May 3, 2012

Tinnis City in Egypt

Tinnis, a City, c. 1000 
al-Muqaddasi

Tinnis City in Egypt
Tinnis, situated between the Roman Sea and the Nile, is a small island in a lake, the whole of which has been built as a city and what a city! It is Baghdad in

Departure from Old Cairo miniature! A mountain of gold! The emporium of the Orient and of the West! Markets are elegant, fish cheap. It is the goal of travellers, prosperity is evident, the shore delightful, the mosque exquisite, the palaces lofty. It is a town with resources, and well-populated yet as it is situated on a narrow island, the water encircles it like a ring.

Water and Money, c. 1050
Naser-e Khosraw
When the water of the Nile rises, it pushes the salt water of the sea away from Tennis so that the water is fresh for ten parasangs. For that time of the year, reinforced, underground cisterns called masna’as have been constructed on the island. When the Nile water forces the salty seawater back, they fill these cisterns by opening a watercourse from the sea into them, and the city exists for a whole year on this supply. When anyone has an excess of water, he will sell to others, and there are also endowed masna’as from which water is given out to foreigners.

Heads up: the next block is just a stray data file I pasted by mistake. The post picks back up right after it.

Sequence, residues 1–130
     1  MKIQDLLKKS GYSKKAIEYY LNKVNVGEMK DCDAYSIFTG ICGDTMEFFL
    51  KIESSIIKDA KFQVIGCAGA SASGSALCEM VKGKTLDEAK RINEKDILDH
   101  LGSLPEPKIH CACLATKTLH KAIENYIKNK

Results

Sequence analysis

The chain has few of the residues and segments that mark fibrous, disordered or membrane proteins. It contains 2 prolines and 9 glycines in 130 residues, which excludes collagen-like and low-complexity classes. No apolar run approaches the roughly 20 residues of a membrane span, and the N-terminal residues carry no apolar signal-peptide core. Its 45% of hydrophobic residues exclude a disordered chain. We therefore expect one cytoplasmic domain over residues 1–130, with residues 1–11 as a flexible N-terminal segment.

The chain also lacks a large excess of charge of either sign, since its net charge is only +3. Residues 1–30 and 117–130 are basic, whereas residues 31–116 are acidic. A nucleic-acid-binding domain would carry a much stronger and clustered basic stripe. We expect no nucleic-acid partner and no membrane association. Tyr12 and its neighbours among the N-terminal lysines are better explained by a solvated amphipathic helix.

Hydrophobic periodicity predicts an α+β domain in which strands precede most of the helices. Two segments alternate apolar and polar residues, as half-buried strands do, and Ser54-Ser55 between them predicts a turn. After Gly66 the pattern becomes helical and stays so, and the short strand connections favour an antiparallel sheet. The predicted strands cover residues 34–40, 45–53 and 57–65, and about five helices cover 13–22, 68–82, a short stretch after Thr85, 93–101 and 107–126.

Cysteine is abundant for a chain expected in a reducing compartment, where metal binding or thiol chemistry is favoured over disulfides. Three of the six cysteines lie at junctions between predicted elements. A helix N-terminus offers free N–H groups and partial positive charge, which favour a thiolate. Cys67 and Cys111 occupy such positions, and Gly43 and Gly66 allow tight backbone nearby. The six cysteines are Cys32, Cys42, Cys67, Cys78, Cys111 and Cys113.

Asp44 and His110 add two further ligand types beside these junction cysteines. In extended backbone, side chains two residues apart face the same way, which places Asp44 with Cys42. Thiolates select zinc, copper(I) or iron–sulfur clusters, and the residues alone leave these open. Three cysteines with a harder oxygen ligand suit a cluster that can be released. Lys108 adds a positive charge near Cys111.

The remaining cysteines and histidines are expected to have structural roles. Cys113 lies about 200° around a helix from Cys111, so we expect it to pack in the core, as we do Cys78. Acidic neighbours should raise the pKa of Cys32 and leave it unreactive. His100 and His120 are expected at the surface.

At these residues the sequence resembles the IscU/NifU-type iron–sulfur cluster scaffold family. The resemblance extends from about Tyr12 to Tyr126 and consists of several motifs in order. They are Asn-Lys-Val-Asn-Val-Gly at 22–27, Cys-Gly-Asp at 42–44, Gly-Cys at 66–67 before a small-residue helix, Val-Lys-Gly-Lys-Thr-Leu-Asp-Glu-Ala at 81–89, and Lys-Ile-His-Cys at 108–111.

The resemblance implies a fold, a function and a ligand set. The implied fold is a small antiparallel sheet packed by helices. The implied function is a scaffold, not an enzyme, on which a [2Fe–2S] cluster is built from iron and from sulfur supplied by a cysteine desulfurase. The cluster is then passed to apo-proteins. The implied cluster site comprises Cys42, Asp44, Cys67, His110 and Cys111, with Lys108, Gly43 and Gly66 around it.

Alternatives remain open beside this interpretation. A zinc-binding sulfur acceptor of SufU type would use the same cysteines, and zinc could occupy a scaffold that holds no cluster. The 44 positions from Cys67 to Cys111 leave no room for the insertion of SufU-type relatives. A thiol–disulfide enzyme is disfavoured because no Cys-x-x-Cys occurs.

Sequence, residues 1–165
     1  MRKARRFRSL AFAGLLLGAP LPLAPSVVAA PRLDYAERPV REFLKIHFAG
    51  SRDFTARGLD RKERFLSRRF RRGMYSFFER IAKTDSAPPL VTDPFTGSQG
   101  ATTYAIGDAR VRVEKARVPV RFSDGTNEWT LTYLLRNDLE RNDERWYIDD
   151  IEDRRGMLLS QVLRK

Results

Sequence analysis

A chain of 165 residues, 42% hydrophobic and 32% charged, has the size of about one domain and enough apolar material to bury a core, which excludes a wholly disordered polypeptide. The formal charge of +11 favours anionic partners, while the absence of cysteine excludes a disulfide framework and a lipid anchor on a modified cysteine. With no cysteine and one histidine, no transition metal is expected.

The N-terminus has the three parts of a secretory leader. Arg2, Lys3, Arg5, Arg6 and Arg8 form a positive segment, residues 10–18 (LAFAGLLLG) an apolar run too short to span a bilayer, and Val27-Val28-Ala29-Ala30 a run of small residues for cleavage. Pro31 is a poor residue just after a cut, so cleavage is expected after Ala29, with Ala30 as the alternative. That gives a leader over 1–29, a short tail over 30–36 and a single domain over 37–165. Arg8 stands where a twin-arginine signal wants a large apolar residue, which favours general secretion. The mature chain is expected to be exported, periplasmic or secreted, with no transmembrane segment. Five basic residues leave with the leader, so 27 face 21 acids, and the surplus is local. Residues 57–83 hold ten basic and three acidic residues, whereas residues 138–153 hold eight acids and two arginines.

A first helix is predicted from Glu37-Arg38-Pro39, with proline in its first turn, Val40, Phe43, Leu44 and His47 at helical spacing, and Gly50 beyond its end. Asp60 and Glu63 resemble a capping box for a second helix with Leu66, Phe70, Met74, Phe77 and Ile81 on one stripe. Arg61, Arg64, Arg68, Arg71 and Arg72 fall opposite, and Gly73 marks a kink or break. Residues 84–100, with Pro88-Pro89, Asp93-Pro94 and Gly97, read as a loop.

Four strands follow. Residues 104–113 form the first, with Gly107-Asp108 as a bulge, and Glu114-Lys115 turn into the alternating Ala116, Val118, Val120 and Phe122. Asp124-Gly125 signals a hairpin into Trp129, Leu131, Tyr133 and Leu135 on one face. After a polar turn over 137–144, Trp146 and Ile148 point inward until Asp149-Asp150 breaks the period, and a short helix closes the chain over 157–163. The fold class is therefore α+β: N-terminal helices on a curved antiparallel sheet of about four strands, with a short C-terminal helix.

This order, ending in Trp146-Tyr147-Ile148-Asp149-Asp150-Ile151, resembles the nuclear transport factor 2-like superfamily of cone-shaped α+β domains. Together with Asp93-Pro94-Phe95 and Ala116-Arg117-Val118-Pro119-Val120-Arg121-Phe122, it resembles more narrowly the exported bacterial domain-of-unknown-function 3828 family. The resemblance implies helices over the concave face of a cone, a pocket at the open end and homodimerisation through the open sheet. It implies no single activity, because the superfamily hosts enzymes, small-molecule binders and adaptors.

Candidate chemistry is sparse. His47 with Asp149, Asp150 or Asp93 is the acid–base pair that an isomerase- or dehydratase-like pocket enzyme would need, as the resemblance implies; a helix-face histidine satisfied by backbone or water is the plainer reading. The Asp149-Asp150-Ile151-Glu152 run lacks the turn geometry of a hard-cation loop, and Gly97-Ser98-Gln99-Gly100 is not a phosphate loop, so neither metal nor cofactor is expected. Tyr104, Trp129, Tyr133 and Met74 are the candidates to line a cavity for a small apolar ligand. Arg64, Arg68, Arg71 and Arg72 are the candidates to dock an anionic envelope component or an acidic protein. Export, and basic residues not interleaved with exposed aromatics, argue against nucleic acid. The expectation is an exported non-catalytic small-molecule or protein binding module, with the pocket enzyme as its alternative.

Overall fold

The population of this city is fifty thousand, and there are at any given time at least a thousand ships at anchor belonging both to private merchants and to the sultan; since nothing is there, everything that is consumed must be brought in from the outside. All external transactions with the island are made therefore by ship, and there is a fully armed garrison stationed there as a precaution against attack by Franks and Byzantines. I heard from reliable sources that one thousand dinars a day go from there into the sultan’s treasury. Everyday the people of the city turn that amount over to the tax collector, and he in turn remits it to the treasury before it shows a deficit. Nothing is taken from anyone by force. The full price is paid for all linen and buqalamun woven for the sultan, so that the people work willingly not as in some other countries, where the artisans are forced to labour for the vizier and sultan! They weave covers for camel litters and striped saddle-cloths for the aristocrats: in return, they import fruits and foodstuffs from the Egyptian countryside.

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